miles to go before I sleep

Literary Tattoos: Stopping By Woods On A Snowy Evening Robert Frost

This tattoo belongs to MareJBear.

My submission is from Robert Frost’s poem “Stopping by Woods on a Snowy Evening.” It is on my left foot. It is in his original handwriting as he has an autographed book. I got it because I am in love with the last verse of the poem:

The woods are lovely dark and deep
But I have promises to keep
And miles to go before I sleep
And miles to go before I sleep

To me it is motivational as is beautiful and the placement has significance has well.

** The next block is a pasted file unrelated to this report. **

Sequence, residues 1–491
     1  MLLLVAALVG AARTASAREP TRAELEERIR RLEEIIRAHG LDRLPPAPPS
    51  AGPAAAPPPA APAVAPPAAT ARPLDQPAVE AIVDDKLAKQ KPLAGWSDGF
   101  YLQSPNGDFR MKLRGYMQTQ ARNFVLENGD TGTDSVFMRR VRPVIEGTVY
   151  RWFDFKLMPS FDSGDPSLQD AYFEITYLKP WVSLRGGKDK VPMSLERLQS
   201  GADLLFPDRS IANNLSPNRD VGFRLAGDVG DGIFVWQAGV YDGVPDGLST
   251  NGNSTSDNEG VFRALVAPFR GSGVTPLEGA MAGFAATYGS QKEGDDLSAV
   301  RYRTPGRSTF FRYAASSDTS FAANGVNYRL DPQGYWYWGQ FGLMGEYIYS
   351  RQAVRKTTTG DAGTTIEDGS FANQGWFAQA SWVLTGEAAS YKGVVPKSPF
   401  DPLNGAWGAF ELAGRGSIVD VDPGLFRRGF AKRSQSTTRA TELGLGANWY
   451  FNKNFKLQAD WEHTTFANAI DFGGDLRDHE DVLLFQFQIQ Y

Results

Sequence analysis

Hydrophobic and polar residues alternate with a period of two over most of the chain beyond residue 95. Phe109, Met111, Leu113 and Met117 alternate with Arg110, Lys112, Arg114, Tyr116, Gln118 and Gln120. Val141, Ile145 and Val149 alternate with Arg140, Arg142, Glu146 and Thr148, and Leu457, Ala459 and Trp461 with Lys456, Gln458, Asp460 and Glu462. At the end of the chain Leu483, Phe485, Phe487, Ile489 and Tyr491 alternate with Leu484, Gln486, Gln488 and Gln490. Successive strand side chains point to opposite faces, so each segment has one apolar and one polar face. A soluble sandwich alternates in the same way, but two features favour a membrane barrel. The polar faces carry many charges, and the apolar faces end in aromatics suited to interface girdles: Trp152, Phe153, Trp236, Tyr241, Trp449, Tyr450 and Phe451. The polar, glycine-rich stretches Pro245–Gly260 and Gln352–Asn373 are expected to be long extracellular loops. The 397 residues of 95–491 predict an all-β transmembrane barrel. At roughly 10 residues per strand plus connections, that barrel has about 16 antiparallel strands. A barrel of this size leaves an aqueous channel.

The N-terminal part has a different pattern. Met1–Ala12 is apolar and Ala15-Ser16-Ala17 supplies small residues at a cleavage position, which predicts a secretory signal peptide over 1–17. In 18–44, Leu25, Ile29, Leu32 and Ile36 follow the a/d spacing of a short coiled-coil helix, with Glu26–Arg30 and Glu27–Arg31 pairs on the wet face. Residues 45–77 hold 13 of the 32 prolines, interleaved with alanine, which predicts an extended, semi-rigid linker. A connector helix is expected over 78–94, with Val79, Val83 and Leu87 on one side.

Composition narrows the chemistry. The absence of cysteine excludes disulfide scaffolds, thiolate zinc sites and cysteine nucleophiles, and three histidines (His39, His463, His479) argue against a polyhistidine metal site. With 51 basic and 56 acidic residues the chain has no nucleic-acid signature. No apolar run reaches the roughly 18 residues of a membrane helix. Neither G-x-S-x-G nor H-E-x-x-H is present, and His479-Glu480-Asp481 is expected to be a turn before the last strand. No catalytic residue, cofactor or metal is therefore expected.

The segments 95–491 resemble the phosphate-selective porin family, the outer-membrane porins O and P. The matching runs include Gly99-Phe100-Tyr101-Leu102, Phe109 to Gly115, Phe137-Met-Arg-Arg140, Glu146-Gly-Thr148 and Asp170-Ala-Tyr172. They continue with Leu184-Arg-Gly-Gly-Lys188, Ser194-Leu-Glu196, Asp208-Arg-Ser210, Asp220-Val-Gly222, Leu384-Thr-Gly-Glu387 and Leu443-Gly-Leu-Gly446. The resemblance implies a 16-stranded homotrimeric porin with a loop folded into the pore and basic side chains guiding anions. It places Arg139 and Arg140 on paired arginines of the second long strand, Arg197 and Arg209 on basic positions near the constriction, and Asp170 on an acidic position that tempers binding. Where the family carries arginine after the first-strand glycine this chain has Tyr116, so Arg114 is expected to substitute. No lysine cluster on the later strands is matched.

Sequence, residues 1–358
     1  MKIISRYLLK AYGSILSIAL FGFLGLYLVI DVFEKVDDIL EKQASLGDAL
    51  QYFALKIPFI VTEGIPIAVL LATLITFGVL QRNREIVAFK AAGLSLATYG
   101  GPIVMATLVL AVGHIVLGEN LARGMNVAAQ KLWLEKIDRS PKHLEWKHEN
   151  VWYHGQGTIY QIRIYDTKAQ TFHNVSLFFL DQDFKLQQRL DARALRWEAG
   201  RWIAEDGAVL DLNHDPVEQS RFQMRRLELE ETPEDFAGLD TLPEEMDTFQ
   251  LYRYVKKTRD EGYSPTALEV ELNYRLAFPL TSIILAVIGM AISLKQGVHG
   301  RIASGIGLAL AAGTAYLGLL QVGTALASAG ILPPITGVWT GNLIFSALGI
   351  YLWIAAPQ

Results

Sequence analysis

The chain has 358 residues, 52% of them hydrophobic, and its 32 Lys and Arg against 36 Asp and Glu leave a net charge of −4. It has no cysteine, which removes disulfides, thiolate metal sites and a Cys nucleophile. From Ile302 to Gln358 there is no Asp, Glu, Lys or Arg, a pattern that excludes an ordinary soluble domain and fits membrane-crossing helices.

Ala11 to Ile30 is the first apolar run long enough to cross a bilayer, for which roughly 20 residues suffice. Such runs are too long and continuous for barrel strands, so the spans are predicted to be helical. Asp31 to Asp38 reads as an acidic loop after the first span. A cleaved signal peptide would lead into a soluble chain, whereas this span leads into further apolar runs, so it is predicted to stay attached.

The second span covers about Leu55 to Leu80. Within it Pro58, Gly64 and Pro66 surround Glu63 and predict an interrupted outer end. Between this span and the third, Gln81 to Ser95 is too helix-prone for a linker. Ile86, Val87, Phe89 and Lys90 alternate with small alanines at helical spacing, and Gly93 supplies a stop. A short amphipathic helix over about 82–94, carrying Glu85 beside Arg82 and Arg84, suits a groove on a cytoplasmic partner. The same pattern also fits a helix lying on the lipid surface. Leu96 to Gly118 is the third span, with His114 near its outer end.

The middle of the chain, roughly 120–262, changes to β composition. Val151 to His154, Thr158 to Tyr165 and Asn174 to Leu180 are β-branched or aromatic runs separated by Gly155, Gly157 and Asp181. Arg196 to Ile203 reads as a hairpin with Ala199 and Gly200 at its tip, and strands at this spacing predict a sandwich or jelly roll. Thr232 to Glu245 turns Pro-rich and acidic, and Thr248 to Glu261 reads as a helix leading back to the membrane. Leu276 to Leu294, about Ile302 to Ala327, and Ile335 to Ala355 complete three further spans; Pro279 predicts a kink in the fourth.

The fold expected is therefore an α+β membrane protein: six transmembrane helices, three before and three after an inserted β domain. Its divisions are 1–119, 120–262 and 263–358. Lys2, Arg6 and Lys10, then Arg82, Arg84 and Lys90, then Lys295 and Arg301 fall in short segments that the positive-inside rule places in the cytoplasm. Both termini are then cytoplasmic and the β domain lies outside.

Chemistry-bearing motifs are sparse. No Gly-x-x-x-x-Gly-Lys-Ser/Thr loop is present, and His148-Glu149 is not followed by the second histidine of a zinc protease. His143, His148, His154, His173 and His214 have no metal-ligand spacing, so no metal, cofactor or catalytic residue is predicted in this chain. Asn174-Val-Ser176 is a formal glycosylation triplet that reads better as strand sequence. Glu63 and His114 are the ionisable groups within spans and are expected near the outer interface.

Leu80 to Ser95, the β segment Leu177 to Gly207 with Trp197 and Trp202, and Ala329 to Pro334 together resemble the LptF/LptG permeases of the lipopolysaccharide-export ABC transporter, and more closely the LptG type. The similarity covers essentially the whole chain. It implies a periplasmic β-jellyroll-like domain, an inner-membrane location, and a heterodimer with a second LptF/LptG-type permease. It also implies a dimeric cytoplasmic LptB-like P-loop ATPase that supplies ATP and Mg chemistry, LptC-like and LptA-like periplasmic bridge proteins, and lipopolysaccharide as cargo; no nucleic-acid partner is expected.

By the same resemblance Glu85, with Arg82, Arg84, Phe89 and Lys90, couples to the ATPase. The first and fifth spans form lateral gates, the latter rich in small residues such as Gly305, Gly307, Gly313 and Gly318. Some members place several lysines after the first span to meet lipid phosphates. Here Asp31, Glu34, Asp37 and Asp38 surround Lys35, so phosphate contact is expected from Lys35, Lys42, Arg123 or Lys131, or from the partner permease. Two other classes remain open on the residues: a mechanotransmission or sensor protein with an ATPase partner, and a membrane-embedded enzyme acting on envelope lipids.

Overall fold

Literary Tattoos: Stopping By Woods On A Snowy Evening Robert Frost

The Riddle of Strider

Literary Tattoos: The Lord of the Rings J. R. R. Tolkien Elvish All That Is Gold Does Not Glitter

This tattoo belongs to Patrick Kern.

This tattoo is taken from the first two lines of J.R.R Tolkien’s poem “The Riddle of Strider“. The lines are in Sindarin Tengwar, and they read “All that is gold does not glitter; Not all who wander are lost“. The poem describes the character of Aragorn, and his rise from an unknown Dunedein Ranger of the north, to the High King of Gondor (Thus, the crowned White Tree of Gondor in the center.)

Stopping by Woods on a Snowy Evening

Literary Tattoos: Stopping By Woods On A Snowy Evening Robert Frost

This belongs to Kristina Keefe.

My tattoo is Robert frost’s last stanza in “Stopping by Woods on a Snowy Evening

I got this shortly after my grandmother suddenly died when I was a teen. She had written it to me in her last letter, telling me to read more & that this poem was her favorite.